Proud and grateful to be Irish


Sir, – I’m sure many readers have heard about “consular assistance” being offered to Irish citizens abroad in time of need. As a term it has a fairly mundane, routine ring to it. I have recently had experience of it first hand and can report that it is a most extraordinary phenomenon.

My daughter was one of a number of Irish students injured in a road traffic accident in a remote part of Malawi on July 20th. Because of her injuries I travelled to Malawi, where I witnessed what “consular assistance” means in real life.

Ambassador Áine Hearns and embassy staff Michael Treacy and Columba O’Dowd suspended their day jobs, gave up their weekend and put in 24 hour days dealing with the complicated logistics of managing multiple casualties simultaneously in one of the poorest countries in the world. It is almost impossible to convey the level of input that was required and provided.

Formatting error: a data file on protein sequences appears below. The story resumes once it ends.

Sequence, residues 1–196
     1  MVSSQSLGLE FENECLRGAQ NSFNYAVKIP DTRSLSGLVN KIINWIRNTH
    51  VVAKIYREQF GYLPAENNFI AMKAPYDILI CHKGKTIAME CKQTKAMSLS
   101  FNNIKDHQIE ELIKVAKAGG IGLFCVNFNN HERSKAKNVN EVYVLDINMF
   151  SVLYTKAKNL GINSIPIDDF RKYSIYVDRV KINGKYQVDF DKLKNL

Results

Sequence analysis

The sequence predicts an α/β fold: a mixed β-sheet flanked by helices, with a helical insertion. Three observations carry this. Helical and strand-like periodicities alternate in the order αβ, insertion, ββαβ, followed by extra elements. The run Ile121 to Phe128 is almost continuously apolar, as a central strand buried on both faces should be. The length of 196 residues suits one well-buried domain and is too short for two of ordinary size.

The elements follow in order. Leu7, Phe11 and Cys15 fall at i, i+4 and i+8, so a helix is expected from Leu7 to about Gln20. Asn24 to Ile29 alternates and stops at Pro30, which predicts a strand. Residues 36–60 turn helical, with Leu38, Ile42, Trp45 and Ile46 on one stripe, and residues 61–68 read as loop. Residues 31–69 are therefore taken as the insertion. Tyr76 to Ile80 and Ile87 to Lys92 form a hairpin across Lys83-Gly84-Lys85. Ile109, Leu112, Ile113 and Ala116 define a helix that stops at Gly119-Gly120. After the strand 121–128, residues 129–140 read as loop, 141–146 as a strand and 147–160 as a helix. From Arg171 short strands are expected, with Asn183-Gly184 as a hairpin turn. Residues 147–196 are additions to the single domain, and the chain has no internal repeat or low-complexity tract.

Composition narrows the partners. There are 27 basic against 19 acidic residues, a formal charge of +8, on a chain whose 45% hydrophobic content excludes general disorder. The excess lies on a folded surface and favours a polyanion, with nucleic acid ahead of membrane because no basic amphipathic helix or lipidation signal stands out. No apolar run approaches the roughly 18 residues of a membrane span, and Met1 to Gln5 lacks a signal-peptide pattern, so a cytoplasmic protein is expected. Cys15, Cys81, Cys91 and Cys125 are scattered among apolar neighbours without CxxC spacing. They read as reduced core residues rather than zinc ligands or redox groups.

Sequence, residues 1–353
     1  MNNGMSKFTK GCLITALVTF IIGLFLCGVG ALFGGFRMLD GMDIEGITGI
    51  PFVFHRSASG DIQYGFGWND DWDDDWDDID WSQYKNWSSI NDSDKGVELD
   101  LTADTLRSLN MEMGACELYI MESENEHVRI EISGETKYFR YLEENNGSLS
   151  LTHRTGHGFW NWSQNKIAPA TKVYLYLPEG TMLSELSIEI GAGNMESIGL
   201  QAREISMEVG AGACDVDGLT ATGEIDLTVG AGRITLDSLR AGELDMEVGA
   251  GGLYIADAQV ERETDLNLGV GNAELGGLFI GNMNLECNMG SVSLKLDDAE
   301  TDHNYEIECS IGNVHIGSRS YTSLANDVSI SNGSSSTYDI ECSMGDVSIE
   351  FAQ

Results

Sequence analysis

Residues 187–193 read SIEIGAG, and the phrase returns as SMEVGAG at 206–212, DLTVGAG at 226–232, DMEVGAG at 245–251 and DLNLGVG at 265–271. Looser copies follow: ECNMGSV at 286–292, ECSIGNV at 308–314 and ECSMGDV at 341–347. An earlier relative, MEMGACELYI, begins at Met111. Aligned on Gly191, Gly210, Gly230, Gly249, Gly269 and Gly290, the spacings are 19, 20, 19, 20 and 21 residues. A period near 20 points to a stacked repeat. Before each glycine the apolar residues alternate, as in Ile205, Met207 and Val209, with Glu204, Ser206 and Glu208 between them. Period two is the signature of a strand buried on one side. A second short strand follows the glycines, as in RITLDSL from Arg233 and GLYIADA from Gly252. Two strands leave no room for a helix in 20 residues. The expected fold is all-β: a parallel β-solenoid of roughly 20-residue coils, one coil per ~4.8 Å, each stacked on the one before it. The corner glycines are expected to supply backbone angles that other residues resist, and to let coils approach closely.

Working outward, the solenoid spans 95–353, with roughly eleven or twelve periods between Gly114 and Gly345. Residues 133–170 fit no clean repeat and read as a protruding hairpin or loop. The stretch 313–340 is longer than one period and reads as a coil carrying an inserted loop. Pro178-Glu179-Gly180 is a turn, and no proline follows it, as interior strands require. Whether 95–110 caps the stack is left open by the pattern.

I have written to you many times in the past about inequalities in the health service and how this country does not treat some of its citizens as we would like. On this occasion however, I have not just been immensely proud, but also very grateful to be an Irish citizen.

It is often said that Ireland holds a special place in the world’s affections that is disproportionate to its size. I wonder if a lot of this might be to do with the professionalism and dedication of our diplomatic missions all over the world. We should salute them. – Yours, etc,


Mulhuddart, Dublin 15.